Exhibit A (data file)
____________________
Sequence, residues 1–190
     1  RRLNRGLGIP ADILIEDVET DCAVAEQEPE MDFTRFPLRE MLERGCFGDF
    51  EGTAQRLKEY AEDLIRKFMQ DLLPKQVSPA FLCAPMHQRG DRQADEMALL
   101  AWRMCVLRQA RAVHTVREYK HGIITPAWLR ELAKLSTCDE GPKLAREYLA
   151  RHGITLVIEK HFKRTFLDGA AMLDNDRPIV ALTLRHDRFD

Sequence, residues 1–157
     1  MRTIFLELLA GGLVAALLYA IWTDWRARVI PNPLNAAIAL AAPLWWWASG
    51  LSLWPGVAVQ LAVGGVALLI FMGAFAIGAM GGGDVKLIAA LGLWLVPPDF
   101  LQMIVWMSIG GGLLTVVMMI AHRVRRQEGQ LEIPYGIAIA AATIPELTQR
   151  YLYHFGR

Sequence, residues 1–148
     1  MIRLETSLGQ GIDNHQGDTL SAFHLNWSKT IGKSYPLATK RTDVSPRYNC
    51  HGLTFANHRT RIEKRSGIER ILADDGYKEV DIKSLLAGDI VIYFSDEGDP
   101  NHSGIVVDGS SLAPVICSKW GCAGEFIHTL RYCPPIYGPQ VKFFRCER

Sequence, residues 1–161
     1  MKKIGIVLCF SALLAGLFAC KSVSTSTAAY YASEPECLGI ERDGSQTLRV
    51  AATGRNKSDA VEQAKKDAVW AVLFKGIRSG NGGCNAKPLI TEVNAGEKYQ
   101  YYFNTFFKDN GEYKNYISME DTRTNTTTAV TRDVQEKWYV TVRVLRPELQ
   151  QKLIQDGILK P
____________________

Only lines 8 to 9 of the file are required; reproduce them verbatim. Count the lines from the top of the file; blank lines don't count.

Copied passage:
    51  LSLWPGVAVQ LAVGGVALLI FMGAFAIGAM GGGDVKLIAA LGLWLVPPDF
   101  LQMIVWMSIG GGLLTVVMMI AHRVRRQEGQ LEIPYGIAIA AATIPELTQR